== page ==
Some actual numbers

The Lower Kootenay Band said on Wednesday that ground-penetrating radar had revealed 182 human remains at St Eugene’s Mission residential school,

OK.

Assume that all are of children.

The school opened in 1890 and became an industrial school in 1912. According to the Truth and Reconciliation Commission, it was the site of recurring outbreaks of influenza, mumps, measles, chicken pox and tuberculosis.

Hmm. Some 5,000 went through that school. That’s a death rate of near 4%.

By today’s standards that’s appallingly, horrendously, high. By general population standards of 300 years ago that’s probably pretty good. The probably because we’ve not really got – or I don’t at least – any real guidance on child mortality. We know roughly what young child mortality was. One in four didn’t see their fifth birthday sorta numbers. 25% that is. But that’s for, obviously enough, under fives. What normal mortality was for those between say, 5 and 15, I don’t know.

Sometime between 300 years ago and today whatever that old mortality rate was declined to today’s. And it declined bit by bit in different places. Child mortality in London was always much higher than in the country for example, it only became self-sustaining in population quite late in history.

What was child mortality – child, 5 to 15 – in Canada generally between 1890 and 1970? What was it among the bands? Then what was it in these schools?

No, I dunno. But those are the numbers we should be trying to see.

17 thoughts on “Some actual numbers”

  1. It’s just a grift. A bunch of people taken care of by people who are dead.

    Some bloke cosplaying as a native American will get a nice job out of it.

  2. If life in the big city / industrial towns was worse than in the country why did this shift in population coincide with the increase in population.
    The chances of surviving to adulthood must have increased?
    We can assume no major change in the birth rate.
    It was long before any major change in agricultural yields.
    So is it purely the increase in trade enabled by industrialisation that ensured sufficient food for fewer kiddies to die of starvation / malnutrition?

  3. What is their angle? Are they suggesting the school staged its own massacre of Indians?

    Maybe they weren’t kind to Indian corpses after death but unless they killed them so what? Countless dead Indians will have been namelessly interred across America in the 1000s of years they have been there.

    Just more socialist race grifting.

  4. Nessiemmersion

    Population in Britain was skewed by the Black Death and subsequent pestilences ( more Plague and smallpox epidemics). It took until the mid 18th Century until the British population had reached the levels of the 14th. This means the baseline is actually at a late date.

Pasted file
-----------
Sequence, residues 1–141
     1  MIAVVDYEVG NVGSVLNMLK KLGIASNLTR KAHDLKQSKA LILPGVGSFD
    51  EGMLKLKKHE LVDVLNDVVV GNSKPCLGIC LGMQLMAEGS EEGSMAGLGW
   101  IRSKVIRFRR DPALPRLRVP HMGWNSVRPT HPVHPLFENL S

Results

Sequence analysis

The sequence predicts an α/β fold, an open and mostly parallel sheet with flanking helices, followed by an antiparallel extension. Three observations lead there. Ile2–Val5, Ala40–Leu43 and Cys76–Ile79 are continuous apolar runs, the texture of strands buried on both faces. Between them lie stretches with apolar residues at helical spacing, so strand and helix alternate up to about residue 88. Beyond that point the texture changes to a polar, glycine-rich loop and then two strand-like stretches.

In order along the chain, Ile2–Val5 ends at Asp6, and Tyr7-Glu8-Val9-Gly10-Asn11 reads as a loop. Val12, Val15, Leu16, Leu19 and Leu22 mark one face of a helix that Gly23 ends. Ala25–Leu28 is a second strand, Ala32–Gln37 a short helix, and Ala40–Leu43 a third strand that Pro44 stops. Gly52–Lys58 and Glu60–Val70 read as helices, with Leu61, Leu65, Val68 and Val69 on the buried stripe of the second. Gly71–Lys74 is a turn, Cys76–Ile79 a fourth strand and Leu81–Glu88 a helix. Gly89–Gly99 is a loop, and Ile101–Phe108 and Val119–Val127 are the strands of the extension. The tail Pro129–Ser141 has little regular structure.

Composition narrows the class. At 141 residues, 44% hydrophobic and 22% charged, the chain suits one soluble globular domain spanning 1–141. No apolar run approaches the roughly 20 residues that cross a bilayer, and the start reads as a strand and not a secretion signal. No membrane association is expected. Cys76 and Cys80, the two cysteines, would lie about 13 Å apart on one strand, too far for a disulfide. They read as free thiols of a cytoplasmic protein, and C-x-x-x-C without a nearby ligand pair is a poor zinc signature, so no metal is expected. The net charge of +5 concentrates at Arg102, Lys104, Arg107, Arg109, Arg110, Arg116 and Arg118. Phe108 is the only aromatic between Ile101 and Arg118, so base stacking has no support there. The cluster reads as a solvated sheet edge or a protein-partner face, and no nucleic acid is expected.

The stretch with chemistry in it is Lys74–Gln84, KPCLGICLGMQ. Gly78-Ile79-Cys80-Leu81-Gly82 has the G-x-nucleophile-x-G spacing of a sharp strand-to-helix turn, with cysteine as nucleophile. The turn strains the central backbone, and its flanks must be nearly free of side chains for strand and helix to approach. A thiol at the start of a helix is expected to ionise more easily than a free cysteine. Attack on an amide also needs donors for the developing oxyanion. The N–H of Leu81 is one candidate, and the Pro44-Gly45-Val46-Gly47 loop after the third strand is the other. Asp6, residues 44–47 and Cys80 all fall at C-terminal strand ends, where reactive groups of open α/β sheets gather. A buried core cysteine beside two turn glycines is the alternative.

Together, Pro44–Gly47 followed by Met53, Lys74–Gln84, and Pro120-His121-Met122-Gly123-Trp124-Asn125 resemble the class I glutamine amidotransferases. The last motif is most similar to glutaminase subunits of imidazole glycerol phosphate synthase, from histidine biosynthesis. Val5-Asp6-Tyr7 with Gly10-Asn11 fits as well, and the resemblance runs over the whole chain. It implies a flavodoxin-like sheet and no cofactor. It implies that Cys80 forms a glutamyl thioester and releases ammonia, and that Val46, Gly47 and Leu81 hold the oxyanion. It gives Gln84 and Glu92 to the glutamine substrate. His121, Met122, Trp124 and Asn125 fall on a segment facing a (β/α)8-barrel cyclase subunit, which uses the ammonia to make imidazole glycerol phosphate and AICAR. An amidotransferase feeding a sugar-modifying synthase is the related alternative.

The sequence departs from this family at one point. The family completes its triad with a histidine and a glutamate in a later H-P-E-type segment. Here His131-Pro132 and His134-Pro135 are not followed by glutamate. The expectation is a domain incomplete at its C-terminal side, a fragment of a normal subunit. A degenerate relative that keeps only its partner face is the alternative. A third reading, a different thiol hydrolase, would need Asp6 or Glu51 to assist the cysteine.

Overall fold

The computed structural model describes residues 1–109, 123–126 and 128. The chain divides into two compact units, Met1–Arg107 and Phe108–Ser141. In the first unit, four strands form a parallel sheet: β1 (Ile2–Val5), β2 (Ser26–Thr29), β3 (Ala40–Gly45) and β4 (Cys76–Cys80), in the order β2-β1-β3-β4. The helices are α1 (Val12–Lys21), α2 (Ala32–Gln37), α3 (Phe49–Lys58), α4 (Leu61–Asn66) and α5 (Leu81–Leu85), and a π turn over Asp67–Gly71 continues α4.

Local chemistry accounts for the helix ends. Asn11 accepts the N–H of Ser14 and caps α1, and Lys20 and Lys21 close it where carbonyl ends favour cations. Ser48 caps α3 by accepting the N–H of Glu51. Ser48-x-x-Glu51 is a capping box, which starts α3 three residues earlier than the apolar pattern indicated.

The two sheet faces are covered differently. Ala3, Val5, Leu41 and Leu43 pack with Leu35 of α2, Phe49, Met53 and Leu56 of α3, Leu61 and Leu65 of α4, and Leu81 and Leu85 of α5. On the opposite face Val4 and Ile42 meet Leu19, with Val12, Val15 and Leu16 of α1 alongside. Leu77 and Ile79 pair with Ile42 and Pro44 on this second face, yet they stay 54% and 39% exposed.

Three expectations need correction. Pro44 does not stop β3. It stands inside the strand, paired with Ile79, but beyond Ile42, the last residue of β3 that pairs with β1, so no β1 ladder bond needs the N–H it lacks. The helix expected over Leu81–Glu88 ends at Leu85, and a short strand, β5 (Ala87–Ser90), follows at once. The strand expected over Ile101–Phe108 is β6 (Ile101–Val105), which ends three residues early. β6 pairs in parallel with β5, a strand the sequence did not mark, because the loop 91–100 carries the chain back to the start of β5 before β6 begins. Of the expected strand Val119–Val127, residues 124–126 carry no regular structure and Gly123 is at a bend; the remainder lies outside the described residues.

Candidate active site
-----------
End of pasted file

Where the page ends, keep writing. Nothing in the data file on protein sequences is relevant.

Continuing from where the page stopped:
5. I haven’t been following this. What is the beef?
    A cover up of excess mortality?
    Deaths unrecorded?
    Buried in unconsecrated ground or without ceremony?
    Mass murder? (surely not over a long period)
    Abuse of the children while they were alive? Hard to prove before autopsy.
    Bodies not returned to the families?
    Hiding deaths to get more funding (the dead souls trick)?
    Or what?

  6. From Statista: child (< 5 years) mortality rate in the UK in 1900 was 228 per 1000. I can’t find data for older children, but do remember from elsewhere that in Victorian times the death rate between 5-21 was similar to the 0-5 rate. Assuming that, a death rate of 4% for 5-15 was pretty good for the time.

  7. ” it was the site of recurring outbreaks of influenza, mumps, measles, chicken pox and tuberculosis.”

    And so was everywhere else, although a school provides optimum conditions for infectious disease.

  8. You’re making me wonder when there’ll be a similar fuss in Oz.

    They’d have a bit of a problem in Tasmania. If they claimed that all the Tasmanians died while on welfare in the 19th century, everyone in Tassie claiming they’re of aboriginal descent wouldn’t be entitled to their share of the loot.

  9. One of my things is transcribing census returns for my home town on the Yorkshire coast, and outputting them into a regular database so different years can be compared directly. One of the first bits of code I wrote to compare the now-comparable data was to tally the ages.

    In 1901 almost a full QUARTER of the population were under 10, almost HALF THE POPULATION were children. The age profile drops in near enough a straight line to zero at 90.

    0- 9=3351 24% *************************************************
    10-19=2961 21% *******************************************
    20-29=1966 14% *****************************
    30-39=1624 11% ***********************
    40-49=1325 9% *******************
    50-59=994 7% **************
    60-69=767 5% ***********
    70-79=447 3% ******
    80-89=103 0% *
    90-99=6 0%
    TOTAL=13544

    Close enough 2% of the population died each ten years. From individual ages I can see that in 1901 there were 277 under-1s, and 257 1-year-olds, so over the previous year by first approximation 8% of under-1s had died.